Solving the Challenge of Increasing Financial Inclusion with New Models
On the second day of the Strum Executive Innovation Summit, attendees heard from S. P. "Wije" Wijegoonaratna, entrepreneur & macro investor, and founder of Alyia.
A data-driven solutions company, Aliya, seeks to improve the lives of those ignored by the banking system. They have focused efforts on helping solve the problem of financial inclusion in the U.S. by developing data driven tools – machine learning risk segmentation algorithms that successfully finds Prime risk borrowers from within the non-Prime customer base.
Wije quickly brought the audience up to speed by framing the situation in understandable terms.
The U.S. consistently ranks as one of the richest countries in the world, yet these statistics obscure the facts indicating the financial health of its population. One such statistic is that over half of the adult population in U.S. have a FICO score below 720 and therefore struggle to gain access to credit or if they do, it is not at a fair price.
Wije talked passionately on the need to use new models to address the massive problem of financial inclusion in the U.S. He argued that it is the social mandate of all financial institutions to take in hard earned deposits from customers/members and lend to those that can benefit from the liquidity, in a fair and responsible manner.
The problem is that the US has experienced a recession in every decade going all the way back to 1980s. And, like clock work, every single time, the financial system has managed to lose money and go into a tailspin during these recessionary times. This begs the question why does it happen over and over again? Surely one would learn from one’s mistakes, and prevent repetition. What’s the impact on the population?
Take what the financial system did immediately after the Great Recession, the prime and lower hardworking Americans were asked to repay their loans while the Prime Plus and Super Prime customers were able to borrow more. Those most in need of liquidity had to find alternative sources of cash so that they could manage their day to day lives.
Over the last 10 years, the online/alternative lending space has originated close to $175B (Transunion). The problem is that the interest rate that these lenders charge is at least twice the rate a borrower would get at a bank if their credit risk were to be properly assessed and managed.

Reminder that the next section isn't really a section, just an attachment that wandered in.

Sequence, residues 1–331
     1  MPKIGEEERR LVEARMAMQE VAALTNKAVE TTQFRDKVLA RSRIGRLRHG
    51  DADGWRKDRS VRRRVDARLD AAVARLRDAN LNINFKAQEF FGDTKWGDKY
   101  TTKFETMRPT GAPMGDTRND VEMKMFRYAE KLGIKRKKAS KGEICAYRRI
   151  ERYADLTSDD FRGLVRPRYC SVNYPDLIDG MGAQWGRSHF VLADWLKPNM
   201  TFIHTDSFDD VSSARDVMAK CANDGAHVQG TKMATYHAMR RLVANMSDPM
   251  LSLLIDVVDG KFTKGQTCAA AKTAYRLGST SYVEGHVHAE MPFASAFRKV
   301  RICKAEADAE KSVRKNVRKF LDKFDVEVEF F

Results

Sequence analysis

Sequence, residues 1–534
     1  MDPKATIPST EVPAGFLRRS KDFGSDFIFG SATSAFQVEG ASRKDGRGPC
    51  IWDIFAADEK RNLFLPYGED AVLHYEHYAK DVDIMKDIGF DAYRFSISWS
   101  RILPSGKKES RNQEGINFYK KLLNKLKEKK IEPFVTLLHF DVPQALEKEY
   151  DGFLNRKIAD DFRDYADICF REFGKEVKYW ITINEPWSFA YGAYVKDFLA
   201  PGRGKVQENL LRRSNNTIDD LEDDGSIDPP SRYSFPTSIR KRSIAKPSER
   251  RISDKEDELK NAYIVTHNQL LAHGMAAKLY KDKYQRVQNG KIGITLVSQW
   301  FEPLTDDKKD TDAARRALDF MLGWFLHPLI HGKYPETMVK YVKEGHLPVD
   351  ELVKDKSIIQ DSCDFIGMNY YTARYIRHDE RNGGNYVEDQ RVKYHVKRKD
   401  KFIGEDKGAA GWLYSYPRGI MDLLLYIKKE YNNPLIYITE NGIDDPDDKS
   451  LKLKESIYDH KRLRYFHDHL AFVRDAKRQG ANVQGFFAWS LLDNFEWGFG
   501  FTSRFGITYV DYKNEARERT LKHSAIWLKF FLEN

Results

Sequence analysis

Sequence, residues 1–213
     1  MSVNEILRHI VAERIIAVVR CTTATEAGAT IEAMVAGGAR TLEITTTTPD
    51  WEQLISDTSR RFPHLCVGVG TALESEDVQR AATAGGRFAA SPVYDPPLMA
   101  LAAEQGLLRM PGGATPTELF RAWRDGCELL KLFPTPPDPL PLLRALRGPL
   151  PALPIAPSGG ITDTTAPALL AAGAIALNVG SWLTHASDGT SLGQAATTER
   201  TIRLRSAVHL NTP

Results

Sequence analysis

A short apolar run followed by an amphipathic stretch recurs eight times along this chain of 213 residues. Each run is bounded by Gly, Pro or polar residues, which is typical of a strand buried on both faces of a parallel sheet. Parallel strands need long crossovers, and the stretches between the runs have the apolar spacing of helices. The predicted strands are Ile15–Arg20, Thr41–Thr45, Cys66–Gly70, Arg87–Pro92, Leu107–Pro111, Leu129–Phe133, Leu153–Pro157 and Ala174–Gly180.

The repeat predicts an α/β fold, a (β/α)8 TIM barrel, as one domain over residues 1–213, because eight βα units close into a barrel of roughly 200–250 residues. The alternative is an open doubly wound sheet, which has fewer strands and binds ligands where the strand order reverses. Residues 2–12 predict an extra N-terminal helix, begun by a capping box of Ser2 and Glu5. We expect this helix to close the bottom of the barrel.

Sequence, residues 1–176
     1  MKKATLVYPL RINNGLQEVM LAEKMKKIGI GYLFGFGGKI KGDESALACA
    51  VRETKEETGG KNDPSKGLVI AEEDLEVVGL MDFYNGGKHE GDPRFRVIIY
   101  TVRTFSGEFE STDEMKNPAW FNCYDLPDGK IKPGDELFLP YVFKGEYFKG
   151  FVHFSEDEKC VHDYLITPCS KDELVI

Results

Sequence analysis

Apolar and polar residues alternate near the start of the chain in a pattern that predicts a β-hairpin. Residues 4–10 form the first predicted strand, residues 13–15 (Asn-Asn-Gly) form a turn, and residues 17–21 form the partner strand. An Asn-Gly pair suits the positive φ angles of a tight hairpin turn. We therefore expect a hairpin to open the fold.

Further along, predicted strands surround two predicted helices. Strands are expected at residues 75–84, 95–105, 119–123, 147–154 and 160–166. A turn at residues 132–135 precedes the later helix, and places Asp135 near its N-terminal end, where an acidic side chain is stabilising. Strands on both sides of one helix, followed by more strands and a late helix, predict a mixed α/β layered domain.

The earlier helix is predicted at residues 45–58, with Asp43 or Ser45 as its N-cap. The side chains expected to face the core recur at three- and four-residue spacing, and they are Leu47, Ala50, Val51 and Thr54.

“Using modern machine learning techniques that are proven, to help these folks, we at Aliya have focused our efforts on helping solve the problem of financial inclusion in the U.S. by developing data-driven tools with machine learning risk segmentation algorithms that successfully finds Prime risk borrowers from within the non-Prime customer base,” Wije said.
Aliya’s solutions are currently being utilized at a top 5 bank in the U.S. and for the last 3 years, has not only increased the number of customers served in the sub FICO 720 space, but has done so without increasing the risk footprint of the portfolio from Prime. Aliya’s data suggests that at least 35% of the FICO 720 to 600 segments are misclassified by the system and have Prime risk characteristics.
Bottom line is that data is richer and more accurate than what is currently available to lenders and machine learning makes it even more powerful. The new paradigm is data-driven intelligence, augmented by human intelligence to drive dynamic lending solutions to borrowers is the future.
Wije closed the session with this gem: “Hiding behind regulation is not an excuse because they want to find ways to improve risk assessment and management too. In fact, one senior regulator told us that they have been waiting for the advanced analytics world to come up with something like this”.
For more information, Aliya welcomes conversations at: firstname.lastname@example.org
Be sure to check out their website for more information.
Next up in our recap series from the Strum Executive Innovation Summit, we’ll hear from Chris Hopen, CEO at Strivve.
— John Mathes, Director of Brand Strategy, Strum